Organic soaps and shampoos are made from natural ingredients that are obtained without any use of chemicals. Few also offers cruelty-free (does not use any animal product or animal testing) products and vegan options. I decided to test a few myself so ordered a bunch of soaps and shampoo bars made by Sangita Vasuraj named as “Soaps By Sangi”.

Soaps By Sangi offers a wide range of soaps and shampoo bars. They make the product on order so they are fresh, does not spoil and allow no wastage. They come packed in paper cling wraps and do not sweat because of beeswax. Also, these paper wraps are made from recycled paper. Some soaps have milk in it but if you are a vegan than vegan options are available as well.

For more about Soaps By Sangi visit, Sangita Vasuraj’s personal blog soapsbysangi.blogspot.in . This is a Bangalore based business. You can also place the order through Facebook – Soaps by Sangi or Mail your order at –soapsbysangi@gmail.com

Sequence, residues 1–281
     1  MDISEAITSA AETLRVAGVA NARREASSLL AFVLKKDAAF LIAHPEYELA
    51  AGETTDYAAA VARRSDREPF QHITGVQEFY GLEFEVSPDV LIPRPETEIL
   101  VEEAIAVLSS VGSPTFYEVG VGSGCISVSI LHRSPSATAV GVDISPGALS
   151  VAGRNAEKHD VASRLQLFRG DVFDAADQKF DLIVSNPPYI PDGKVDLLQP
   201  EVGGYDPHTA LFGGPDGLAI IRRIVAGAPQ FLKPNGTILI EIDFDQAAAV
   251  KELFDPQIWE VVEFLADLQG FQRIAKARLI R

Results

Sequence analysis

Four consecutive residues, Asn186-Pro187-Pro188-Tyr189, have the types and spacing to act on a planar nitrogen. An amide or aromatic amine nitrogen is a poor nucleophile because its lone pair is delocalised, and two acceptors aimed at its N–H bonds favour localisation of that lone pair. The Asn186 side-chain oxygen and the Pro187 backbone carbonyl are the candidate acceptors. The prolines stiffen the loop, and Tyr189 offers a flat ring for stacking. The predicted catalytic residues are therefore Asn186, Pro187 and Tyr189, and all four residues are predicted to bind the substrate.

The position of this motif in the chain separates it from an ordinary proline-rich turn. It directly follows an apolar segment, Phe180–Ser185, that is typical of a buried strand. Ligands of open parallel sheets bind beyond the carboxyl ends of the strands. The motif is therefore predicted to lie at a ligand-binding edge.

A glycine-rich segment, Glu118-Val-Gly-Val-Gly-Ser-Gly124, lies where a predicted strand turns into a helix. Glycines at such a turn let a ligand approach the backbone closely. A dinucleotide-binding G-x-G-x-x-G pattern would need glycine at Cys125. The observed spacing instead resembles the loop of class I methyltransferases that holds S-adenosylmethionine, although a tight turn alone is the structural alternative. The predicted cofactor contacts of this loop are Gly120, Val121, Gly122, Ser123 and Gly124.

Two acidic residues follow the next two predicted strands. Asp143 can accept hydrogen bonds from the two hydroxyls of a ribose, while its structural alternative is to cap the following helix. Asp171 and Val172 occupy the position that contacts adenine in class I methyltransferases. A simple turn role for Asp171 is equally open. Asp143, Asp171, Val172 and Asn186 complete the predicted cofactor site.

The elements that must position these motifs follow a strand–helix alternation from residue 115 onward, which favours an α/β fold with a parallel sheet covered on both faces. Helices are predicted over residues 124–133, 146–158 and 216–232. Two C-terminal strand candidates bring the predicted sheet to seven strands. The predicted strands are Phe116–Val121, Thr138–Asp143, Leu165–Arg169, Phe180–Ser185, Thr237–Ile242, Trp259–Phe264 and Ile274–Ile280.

In this article, I am reviewing only two of the products I got from Soaps By Sangi. 


Soap Bar

Beer, activated charcoal, milk, fresh-cut grass, olive oil, coconut oil, Palm oil, sunflower oil, castor oil, and lye (caustic soda).

Review: – The soap bar has charcoal in it and you can pretty much see and feel that when you rub it on your skin. It gives a good amount of scrubs to the skin. The purpose of any soap is to cleanse your body which is perfectly done by this soap. It does not give a lot of foam like regular soaps and that makes it last long and do the proper cleaning. There is no artificial aroma and hence the soap has very light or negligible scent. It leaves your skin clean and nourished.

*One soap bar for one person, once every day can last for 3 weeks.

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Shampoo bar